Industry warned a May 17 restart won’t be ‘open sesame’

The restart of international travel this summer will be “gradual” and not an “open sesame” process from May 17, Abta chief executive Mark Tanzer has warned.

Tanzer described it as “explicit and implicit in the government’s taskforce statement that the restart of international travel is going to be a gradual process”.

He told Travel Weekly: “We want it to be as quick as possible, and we want there to be a proper summer season, but it’s not going to be a May 17 ‘open sesame’ [and] everyone can travel.”

His comments came amid reports that only eight countries would make the government’s ‘green list’ for safe travel next month.

They are expected to be the US, Gibraltar, Israel, Iceland, Ireland, Malta, and Australia and New Zealand – both currently closed to travellers from overseas, the Sunday Telegraph reported.

However, the entire US may struggle to qualify unless its Covid rates drop.

Analysis by former British Airways strategy chief Robert Boyle reportedly suggests almost all of Europe is likely to be either on the amber list, requiring home quarantine of 10 days, or even the red list, where arrivals have to hotel quarantine at a cost of £1,750 per person.

The research places mainstream holiday destinations of Spain, Greece, Italy and Cyprus on amber due to their high Covid rates but it says they could still turn green by the government’s next review date of June 28 – still in time for the summer peak.

“Last year, the Spanish and Greek islands were given a lower-risk rating than the mainland and that could happen again this year,” according to the report, which is said to be “circulating within industry circles”.

Meanwhile, the Foreign Office relaxed its travel advice for Portugal on Friday, saying it “no longer advises against all but essential travel to Portugal and the autonomous region of Madeira” but it is still illegal to travel abroad from the UK for holidays.

Tanzer welcomed the government dropping its insistence that now is not the time to book a summer holiday abroad.

Speaking on a Travel Weekly webcast, he said: “Every time a minister was interviewed on TV saying ‘People shouldn’t book’ members’ bookings dried up. The effect was dramatic on people’s confidence to book.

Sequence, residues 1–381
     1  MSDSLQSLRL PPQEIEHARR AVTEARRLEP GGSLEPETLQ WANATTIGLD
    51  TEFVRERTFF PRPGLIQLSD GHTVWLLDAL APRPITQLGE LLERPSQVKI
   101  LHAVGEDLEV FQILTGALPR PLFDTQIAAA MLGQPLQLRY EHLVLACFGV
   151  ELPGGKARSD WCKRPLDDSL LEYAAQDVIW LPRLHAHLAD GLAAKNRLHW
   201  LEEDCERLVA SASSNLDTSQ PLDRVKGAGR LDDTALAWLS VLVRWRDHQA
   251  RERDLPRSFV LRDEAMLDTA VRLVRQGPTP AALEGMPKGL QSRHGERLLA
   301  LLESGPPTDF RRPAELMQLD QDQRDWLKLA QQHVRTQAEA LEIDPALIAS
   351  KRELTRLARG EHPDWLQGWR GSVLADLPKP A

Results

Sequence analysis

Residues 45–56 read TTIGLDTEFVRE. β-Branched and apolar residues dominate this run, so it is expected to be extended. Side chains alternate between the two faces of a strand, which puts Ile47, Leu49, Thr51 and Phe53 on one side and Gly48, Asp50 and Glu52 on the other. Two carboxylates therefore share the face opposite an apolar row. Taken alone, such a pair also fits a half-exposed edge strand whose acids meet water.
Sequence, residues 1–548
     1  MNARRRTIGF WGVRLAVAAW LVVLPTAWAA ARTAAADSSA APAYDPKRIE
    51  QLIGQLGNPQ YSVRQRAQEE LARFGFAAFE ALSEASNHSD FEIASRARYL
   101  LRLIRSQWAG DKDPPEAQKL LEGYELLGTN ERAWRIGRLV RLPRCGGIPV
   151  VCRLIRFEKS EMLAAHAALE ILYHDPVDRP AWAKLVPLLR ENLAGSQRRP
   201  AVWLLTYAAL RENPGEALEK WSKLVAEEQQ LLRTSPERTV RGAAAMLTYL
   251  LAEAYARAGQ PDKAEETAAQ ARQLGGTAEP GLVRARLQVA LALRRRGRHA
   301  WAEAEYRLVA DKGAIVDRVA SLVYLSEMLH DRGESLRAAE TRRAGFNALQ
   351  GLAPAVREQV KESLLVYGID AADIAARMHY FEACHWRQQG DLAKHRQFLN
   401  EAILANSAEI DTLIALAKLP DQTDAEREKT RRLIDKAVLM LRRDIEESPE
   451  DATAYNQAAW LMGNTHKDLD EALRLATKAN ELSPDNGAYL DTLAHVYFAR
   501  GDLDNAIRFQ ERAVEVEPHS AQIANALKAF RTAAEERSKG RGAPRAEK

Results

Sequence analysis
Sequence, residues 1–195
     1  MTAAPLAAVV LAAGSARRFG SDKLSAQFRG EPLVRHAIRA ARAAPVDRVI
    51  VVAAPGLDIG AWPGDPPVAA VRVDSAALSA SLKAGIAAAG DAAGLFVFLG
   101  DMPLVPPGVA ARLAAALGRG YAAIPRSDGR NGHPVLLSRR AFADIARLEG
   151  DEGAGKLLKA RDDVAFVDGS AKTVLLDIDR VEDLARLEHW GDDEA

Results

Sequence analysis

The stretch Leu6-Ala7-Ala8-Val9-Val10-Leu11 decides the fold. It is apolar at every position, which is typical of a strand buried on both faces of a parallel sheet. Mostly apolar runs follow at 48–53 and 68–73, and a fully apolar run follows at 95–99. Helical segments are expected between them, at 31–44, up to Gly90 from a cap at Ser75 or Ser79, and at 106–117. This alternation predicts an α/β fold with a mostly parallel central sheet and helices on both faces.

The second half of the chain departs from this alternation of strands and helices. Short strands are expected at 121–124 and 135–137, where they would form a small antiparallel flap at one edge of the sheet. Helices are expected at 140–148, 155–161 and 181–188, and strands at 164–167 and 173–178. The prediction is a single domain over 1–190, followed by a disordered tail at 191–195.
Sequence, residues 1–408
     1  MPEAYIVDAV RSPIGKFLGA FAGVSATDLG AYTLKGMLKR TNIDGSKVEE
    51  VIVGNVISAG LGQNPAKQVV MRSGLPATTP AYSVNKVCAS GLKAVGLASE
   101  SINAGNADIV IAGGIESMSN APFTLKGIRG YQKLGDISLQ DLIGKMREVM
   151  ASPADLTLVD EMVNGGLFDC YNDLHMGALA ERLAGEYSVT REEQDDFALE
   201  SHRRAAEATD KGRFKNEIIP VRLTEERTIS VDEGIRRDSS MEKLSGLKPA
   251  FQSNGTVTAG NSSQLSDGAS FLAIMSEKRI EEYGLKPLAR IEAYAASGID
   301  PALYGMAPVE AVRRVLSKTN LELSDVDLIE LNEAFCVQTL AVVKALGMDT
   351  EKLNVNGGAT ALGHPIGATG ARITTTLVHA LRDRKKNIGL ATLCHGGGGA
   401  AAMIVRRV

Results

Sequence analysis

“That message that ‘You can book’ and you’ll be able to travel or, if that’s not the case, members’ booking conditions are very flexible now, is critical.”

He added: “We need to let people start booking and anticipating going on holiday. But because there is no certainty about which countries are on the green list and which amber, people will be leaning towards booking later.”

Tanzer declined to speculate on which countries might make the ‘green’ category, saying: “I can’t predict. I would like the biggest-possible green list because amber is a pretty big barrier. But I don’t know which countries will be on it. If the biggest destinations were there, that would be great.”

However, he insisted: “I do think travel will start after May 17. I don’t see anything at the moment that means the government would need to deviate from its roadmap.

“There is evidence of Covid variants overseas and other European countries are having lockdowns which is an obstacle. But there is enough hope and enough places people can travel to.”

He described expectations that the green list would be limited at the outset but give way to a more expansive opening as “realistic”.

The Abta chief said: “There is clearly going to be a sense of learning as we go along with this traffic light system – how countries get on the green list, how quickly they come off, how they move up – and that will be refined as we get into the summer.

“I hope by the time we get to July or August there is a solid system that people understand and can travel with.

“[But] on May 18 we’ll still be learning how all this is going to come together. There will probably be fewer countries accessible immediately.”

However, he described fears that travel might only resume from September or October as pessimistic.

Tanzer said: “The government is opening the door. There are lots of constraints and precautions, but that is because they anticipate people traveling.”

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